A couple of weeks ago, I had to calculate some metrics at work to gauge volunteer efforts. I realized that when I tallied up the metrics, I came to some astonishing revelations about productivity versus management efforts. The experience turned me on to the idea of metrics, and I decided to start keeping track of the food I eat. I downloaded a great iPhone app for this: Fitness Pal. It allows you to keep track of all the calories you're consuming.
I've been carefully tracking the calories of all the food I've been eating pretty much the entire week. Fitness Pal even has a barcode scanner, so you don't even have to do keyword searches for the food. You just scan the barcode and voila, you have the exact food and all the calories per serving.
I have become somewhat obsessed in counting calories. My plan is to lose two pounds a week. To do this, I have to stick to about 1,600 calories a day. If I exercise, such as playing basketball for an hour, it allows me to add about 800 calories to my food intake. (This is called "net calories" in the app.)
In counting calories, I quickly realized that some food gives you better fuel than others. For example, if you eat a bar of chocolate, it has a high number of calories but burns quickly, so you'll be hungry in a short period of time. In contrast, if you eat broccoli, spinach, or some other high-fiber food, it not only has fewer calories but also provides longer lasting fuel, so you won't feel as hungry.
Today I cooked dinner and made creamy potato soup that included sausage, corn, and spinach and also baked several plantains (note "baked," rather than "fried"). The plantains turned out to be delicious (not so much the soup, though Callie said it was the best she'd ever tasted). The key to cooking plantains is to let them ripen until they turn black on the outside (not entirely black, but as much as you can tolerate). When you peel them, they're still good on the inside.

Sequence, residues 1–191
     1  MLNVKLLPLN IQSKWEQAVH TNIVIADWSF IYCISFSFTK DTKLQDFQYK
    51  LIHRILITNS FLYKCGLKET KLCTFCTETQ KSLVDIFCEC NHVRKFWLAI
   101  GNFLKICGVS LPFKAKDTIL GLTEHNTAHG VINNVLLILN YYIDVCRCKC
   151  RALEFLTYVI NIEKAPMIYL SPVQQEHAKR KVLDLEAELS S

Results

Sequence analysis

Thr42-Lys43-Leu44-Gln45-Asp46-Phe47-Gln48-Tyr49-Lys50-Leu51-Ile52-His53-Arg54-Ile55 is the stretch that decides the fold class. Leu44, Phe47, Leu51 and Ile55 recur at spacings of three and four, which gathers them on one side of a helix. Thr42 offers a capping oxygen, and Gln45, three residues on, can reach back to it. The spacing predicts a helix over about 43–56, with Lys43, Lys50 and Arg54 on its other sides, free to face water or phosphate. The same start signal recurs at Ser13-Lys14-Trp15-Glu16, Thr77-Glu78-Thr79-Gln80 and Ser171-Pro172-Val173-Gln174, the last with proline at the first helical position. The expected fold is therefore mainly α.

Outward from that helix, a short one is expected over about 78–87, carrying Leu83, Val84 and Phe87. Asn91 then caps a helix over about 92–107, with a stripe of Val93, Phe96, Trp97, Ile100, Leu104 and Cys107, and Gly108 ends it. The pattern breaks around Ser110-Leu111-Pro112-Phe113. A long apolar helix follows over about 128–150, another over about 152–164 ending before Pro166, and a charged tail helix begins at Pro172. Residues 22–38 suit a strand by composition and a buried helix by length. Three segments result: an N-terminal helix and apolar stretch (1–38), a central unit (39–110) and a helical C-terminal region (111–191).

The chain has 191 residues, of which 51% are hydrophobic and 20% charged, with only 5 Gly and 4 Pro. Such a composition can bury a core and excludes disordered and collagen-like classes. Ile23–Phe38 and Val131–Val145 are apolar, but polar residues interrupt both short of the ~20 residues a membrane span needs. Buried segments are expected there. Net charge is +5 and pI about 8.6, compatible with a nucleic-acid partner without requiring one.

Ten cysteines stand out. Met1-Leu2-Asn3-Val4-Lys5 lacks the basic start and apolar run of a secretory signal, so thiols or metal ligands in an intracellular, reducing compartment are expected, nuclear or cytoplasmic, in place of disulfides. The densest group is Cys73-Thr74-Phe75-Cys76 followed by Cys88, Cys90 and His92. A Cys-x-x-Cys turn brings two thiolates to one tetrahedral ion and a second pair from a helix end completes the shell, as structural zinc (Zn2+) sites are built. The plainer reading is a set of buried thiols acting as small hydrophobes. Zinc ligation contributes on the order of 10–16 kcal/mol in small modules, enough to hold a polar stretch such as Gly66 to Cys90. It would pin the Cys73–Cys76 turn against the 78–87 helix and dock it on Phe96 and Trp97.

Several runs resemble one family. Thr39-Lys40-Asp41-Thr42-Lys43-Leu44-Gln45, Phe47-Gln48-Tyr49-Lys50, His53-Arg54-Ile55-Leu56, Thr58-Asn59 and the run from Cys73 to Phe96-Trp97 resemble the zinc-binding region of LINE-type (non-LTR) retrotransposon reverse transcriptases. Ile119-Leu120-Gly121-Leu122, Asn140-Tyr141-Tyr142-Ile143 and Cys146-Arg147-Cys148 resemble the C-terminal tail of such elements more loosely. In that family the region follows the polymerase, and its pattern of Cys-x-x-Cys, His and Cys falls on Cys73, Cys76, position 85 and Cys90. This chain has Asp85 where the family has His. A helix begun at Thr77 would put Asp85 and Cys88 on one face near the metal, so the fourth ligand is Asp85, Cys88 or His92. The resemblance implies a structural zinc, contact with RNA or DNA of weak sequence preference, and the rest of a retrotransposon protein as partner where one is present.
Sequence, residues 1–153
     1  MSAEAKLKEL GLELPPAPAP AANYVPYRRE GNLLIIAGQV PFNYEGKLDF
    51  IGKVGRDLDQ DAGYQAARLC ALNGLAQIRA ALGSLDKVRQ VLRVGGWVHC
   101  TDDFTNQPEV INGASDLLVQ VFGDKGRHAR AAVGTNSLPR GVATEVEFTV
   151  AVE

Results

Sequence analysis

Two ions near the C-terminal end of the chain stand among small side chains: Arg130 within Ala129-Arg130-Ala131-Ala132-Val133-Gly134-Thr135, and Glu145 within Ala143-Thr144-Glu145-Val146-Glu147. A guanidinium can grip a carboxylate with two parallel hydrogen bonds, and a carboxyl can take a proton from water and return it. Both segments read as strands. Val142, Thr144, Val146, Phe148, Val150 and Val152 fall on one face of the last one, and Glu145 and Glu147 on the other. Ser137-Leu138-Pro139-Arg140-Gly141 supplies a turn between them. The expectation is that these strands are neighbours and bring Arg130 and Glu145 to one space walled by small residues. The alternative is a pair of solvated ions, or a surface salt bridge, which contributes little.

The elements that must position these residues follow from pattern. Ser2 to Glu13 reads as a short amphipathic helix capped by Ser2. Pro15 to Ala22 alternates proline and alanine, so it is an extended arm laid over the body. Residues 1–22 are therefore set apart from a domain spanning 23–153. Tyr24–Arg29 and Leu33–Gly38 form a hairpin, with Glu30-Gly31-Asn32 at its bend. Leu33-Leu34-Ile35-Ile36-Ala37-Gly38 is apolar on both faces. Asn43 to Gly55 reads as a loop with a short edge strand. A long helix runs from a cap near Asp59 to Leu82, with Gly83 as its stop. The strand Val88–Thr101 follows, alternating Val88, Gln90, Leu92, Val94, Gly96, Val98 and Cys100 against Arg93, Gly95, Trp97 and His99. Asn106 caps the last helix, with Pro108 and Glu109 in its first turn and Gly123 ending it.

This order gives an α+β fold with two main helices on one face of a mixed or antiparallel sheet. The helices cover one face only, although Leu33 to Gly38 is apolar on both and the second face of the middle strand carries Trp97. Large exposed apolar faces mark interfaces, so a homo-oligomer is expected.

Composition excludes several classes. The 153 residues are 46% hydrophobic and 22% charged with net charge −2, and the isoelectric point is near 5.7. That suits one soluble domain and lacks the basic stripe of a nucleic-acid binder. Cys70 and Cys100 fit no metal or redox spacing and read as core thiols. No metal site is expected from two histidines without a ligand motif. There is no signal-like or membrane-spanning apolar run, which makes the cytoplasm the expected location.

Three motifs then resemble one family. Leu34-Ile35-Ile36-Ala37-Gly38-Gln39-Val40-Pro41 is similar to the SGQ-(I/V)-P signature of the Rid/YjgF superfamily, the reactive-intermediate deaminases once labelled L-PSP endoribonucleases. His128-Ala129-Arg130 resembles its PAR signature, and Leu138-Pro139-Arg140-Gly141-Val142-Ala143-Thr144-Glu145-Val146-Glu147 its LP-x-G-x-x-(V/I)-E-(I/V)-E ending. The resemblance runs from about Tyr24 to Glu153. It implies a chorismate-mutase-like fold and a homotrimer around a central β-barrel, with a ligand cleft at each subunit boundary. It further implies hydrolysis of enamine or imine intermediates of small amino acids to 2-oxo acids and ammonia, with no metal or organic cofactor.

If you slice the plantains diagonally and bake them in the over for about 25 minutes, they're pretty much perfect. I also dipped them in sour cream, which adds calories of course.
Overall, I'm kicking myself for not keeping better track of calories earlier in my life. It's not really that hard. Now I am trying to realign my eating habits after 20 years of eating whatever foods whenever I wanted.
A memory sticks out to me. One time when I was at Columbia going into the gym to play basketball, I was eating a slice of pizza. An older guy (fellow basketball player) paused and said to me, in a light jovial way, "One day you'll realize you can't just eat whatever you want without paying for it." I brushed off the comment, but he was right.
Shannon is also doing the diet, tracking food with Fitness Pal. The great thing is that good eating habits trickle down to our children. For example, sometimes I used to eat ice cream in the evenings, and the kids would watch me and do the same. Now they don't.
My goal is to get down to 200 pounds by May or so. I think 200 pounds is probably my ideal weight. The longer goal is to simply track my calorie intake. At the very least, sticking to 1600 calories a day is persuading me to eat healthier, higher-fiber foods.